The different metrics meant that some colleges appeared both on the "least expensive" lists for their sectors, considered a badge of honor, and the lists of those increasing tuition at the highest rates. Few of the private nonprofit universities that will have to answer to the department on the rate of their tuition increases are the expensive, elite institutions commonly mentioned in discussions about high college prices. Many are small, even obscure, colleges whose tuition rates in 2007-8 were low, so that an increase that would be slight at a more expensive institution loomed large in percentage terms.
At least one college, Our Lady of Holy Cross, in Louisiana, has argued that its listed increase in net price of more than 500 percent is based on incorrect data. The institution's president, Rev. Anthony J. De Conciliis, said its officials were trying to figure out why the department's data showed its net tuition rising from $428 in 2006-7 to $2,874 in 2008-9. (Department officials say they communicated with colleges while compiling the lists and gave them an opportunity to correct errors.)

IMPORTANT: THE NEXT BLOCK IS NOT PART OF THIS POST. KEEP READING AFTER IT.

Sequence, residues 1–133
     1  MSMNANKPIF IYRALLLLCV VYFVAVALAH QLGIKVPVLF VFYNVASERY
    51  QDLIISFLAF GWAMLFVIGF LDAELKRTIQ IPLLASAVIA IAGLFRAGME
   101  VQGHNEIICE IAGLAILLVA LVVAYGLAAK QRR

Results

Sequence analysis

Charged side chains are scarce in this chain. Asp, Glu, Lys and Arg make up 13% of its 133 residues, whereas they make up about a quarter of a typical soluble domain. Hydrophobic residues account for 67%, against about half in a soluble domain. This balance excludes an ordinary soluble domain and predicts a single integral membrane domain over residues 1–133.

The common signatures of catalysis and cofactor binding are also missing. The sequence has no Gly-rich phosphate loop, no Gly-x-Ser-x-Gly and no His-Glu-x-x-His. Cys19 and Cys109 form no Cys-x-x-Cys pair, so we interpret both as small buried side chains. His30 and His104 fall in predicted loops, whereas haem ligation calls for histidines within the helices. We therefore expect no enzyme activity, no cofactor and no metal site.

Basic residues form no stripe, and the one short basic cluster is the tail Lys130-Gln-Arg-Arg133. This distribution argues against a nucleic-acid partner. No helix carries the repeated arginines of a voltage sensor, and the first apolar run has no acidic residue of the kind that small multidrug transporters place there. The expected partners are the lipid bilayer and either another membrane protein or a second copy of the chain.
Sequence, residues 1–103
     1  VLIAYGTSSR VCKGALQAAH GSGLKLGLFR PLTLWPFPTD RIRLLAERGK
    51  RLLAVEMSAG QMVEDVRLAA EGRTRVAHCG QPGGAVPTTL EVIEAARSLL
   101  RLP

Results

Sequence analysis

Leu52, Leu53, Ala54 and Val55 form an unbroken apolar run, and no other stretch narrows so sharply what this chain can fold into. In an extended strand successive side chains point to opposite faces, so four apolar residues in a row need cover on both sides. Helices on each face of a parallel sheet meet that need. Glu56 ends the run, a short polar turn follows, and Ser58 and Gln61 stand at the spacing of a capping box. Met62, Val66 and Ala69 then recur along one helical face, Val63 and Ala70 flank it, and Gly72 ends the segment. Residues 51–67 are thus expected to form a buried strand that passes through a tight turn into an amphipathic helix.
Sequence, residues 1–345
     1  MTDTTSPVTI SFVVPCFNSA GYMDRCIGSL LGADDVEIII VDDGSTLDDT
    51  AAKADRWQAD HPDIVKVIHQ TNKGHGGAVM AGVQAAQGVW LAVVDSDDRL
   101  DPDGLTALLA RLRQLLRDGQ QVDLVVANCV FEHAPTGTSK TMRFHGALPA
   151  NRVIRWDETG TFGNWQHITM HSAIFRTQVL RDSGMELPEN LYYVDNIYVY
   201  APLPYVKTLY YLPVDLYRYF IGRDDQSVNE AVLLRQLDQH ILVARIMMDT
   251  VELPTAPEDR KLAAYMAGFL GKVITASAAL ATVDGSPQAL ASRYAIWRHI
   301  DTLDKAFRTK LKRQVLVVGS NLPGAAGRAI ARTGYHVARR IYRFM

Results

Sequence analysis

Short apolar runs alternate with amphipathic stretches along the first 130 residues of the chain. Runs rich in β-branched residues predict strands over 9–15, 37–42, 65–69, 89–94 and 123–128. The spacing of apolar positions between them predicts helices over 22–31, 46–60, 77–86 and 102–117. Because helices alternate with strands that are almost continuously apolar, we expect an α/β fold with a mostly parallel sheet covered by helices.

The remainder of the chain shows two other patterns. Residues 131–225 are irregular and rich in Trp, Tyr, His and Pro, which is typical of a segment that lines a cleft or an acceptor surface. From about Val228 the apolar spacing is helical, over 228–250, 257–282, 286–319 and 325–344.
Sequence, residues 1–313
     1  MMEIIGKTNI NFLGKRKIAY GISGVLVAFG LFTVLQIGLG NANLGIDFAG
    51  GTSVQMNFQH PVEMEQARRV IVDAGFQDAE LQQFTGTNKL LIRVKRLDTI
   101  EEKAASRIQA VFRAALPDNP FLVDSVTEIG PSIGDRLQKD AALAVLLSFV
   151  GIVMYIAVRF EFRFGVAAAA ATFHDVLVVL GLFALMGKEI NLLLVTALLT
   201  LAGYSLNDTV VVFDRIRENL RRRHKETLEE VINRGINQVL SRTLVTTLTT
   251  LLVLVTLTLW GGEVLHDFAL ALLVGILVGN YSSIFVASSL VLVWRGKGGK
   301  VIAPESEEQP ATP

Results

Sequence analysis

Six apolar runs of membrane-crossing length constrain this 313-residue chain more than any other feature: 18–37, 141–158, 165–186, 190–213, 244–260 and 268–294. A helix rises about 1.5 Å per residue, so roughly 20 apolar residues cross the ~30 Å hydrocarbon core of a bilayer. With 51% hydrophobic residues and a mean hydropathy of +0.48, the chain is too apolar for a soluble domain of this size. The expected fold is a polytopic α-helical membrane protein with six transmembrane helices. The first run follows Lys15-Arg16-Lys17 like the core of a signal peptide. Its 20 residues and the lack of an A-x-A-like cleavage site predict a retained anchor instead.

Officials at the University of Hartford, which is listed as increasing its net price by 162 percent, are also disputing the listing, saying they believe that the 2006-7 figure was underreported and made the increase seem larger than it actually was. Tuition increased only 3 percent each year, and financial aid increased along with it, Walter Harrison, the university's president, said in an e-mail message Wednesday night.
Wells College, which topped the list of sticker price increases with a 67 percent tuition increase, said the figure was the result of a massive one-year increase due to a change in university policy. In 1999, the college decreased its tuition price by more than $5,000, and increased it by about 5 percent each year thereafter, said Ann Rollo, the college's vice president for communications and college relations. In 2009, college officials reconsidered, realigning the college's tuition with peer institutions -- where it would have been without the 1999 policy change.
"We're just caught in that awkward moment," Rollo said, adding that the overall intention of the lists -- greater transparency -- is a valuable goal.
"It’s a great effort," she said, echoing officials at other listed colleges who struck a similar note of praising the lists in theory but disputing their place on them in practice. "But unfortunately, it doesn’t quite tell our story this year."